Celebrate the Innovations! Adult Education & Family Literacy Week, September 22 -28, 2019
By Judy Mortrude
Federal adult education policy and I are both well into our 50s, so I’m entering Adult Education & Family Literacy Week this year in a reflective mood.
You may not know, but adult education traces its roots to policy spurred by military preparedness, immigrant influxes, economic downturns, and historic inequities. Today’s context is no less complex, and the field of adult education is responding with innovation we can celebrate!
Here are some of my favorite adult education highlights from the past year:
Competitions that award sizable cash prizes to stimulate innovation are popping up across the spectrum of education and training, and thankfully these prizes are now being awarded in adult education.
Thanks to the Adult Literacy XPRIZE competition, providers launched new mobile learning apps in the adult education field. Seeking to spur innovation and reach the millions of adults whom programs are not able to reach with current funding levels, the follow-on Adult Literacy XPRIZE Communities Competition also helped galvanize innovation in adult education. Initiatives like the EdTech Center @ World Education and DigitalUS owe some of their momentum to the Adult Literacy XPRIZE competition. The five-month Communities Competition ended on August 31, and the winning teams that helped the most adults download the smart phone apps will be announced at the Barbara Bush Foundation’s National Summit on Adult Literacy on November 13th.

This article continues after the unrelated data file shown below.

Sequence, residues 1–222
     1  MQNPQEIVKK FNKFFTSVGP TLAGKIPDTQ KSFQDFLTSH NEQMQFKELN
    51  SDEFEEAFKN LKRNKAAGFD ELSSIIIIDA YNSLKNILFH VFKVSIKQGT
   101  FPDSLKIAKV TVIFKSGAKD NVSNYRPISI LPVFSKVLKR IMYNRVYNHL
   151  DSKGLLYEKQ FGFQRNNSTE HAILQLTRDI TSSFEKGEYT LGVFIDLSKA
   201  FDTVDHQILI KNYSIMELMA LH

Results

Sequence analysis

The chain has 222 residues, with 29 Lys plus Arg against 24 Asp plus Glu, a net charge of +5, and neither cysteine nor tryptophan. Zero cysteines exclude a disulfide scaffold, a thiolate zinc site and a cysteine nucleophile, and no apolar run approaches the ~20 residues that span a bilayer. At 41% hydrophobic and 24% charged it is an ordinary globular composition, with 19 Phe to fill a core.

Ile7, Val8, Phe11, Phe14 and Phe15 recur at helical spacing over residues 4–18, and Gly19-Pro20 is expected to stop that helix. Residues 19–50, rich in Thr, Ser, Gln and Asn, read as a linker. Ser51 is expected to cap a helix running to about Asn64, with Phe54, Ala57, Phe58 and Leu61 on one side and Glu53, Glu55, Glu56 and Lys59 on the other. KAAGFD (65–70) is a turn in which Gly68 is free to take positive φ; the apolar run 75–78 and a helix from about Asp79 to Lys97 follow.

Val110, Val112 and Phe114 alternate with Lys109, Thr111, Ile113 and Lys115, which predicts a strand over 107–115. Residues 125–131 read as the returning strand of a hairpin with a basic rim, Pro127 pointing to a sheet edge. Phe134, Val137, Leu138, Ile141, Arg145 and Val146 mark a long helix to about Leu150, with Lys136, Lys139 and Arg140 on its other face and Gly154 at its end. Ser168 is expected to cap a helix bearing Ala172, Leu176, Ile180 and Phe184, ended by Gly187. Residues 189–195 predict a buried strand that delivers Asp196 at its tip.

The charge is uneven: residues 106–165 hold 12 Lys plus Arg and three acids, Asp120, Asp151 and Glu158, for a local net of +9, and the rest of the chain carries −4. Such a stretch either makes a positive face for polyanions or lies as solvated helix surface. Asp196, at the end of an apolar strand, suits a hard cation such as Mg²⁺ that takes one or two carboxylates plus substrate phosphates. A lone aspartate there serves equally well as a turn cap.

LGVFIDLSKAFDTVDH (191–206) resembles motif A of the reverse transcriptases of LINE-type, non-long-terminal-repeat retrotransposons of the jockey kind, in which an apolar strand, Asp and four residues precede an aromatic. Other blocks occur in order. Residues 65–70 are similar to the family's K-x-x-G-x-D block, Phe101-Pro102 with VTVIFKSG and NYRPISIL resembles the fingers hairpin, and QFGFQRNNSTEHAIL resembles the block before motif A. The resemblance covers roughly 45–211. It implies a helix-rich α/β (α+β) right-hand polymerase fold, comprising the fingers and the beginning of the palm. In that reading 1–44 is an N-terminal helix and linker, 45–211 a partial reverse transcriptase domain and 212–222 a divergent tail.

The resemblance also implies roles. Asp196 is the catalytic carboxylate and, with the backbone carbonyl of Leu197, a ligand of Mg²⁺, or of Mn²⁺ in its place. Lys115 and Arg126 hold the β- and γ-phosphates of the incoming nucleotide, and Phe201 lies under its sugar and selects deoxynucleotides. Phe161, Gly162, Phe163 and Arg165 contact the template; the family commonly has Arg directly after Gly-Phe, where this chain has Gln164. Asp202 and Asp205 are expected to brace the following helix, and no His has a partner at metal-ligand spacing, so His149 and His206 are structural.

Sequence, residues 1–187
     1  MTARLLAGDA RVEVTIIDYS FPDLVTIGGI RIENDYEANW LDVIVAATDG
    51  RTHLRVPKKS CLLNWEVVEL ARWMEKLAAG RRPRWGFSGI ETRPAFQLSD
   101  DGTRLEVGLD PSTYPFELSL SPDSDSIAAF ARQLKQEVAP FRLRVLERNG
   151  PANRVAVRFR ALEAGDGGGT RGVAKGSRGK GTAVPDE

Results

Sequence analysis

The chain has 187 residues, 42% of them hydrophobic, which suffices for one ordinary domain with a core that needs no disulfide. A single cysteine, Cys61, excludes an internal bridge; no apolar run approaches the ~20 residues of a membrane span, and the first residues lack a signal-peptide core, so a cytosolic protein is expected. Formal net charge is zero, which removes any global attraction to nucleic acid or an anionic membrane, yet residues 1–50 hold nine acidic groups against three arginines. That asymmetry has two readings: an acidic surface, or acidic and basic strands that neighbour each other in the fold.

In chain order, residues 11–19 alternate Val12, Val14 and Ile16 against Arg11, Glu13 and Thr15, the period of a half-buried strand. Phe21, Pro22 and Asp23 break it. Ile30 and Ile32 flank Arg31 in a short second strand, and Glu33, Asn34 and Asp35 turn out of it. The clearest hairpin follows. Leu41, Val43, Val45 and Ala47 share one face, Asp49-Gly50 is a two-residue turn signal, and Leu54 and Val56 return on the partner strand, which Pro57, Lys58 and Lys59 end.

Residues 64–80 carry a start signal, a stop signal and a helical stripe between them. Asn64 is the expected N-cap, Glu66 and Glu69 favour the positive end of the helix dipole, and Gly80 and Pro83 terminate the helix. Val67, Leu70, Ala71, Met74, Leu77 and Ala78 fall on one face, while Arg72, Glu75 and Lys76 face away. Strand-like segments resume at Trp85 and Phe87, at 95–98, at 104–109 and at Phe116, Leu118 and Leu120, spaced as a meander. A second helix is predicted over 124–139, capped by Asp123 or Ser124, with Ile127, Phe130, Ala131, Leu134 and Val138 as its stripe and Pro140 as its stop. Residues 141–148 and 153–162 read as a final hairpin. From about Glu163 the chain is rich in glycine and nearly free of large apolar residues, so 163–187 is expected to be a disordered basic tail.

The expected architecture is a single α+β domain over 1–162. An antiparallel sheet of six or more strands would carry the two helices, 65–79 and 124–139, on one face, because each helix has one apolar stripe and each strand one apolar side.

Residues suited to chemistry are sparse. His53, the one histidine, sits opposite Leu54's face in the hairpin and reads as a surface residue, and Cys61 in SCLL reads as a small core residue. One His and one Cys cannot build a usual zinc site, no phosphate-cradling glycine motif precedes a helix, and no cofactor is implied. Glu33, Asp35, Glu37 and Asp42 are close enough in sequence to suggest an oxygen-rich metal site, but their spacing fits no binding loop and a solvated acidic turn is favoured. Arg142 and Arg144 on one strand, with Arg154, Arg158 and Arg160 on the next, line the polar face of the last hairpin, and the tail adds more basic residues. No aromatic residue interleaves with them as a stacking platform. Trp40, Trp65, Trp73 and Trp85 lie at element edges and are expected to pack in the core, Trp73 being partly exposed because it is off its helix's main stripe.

Johan Uvin’s Institute for Education Leadership had an exceptionally busy program development year, culminating last month with an Adult Career Pathway Festival featuring ten teams pitching their solutions to identified community needs. The teams didn’t define their value in terms of education level gain or even credential attainment, but instead focused on adult education as a solution to tangible community problems, e.g.: Latinx injuries and deaths on construction sites; aging community members in need of home care; and historic, systemic trauma affecting individuals and community systems. We can learn so much from this way of reframing adult education’s impact.
The federal Office of Career Technical and Adult Education is hopping on the competition band wagon. We’re hearing that OCTAE is about to launch a challenge competition around pre-apprenticeship programming.
With increasing federal attention on supporting and developing new policy, we’re seeing positive changes for the adult education field.
Ability to Benefit could make dual enrollment for adult learners a national strategy. In March 2019, the U.S. Department of Education once again worked to support the use of the Ability to Benefit provision of the Higher Education Act by bringing state leaders into a conversation on the policy’s opportunities and challenges. Since then, Education staff have been presenting at national conferences and will be hosting a webinar in October. At least three states have taken up the mantle to produce the first ‘state defined process,’ option available since 1991 but, as of yet, untried.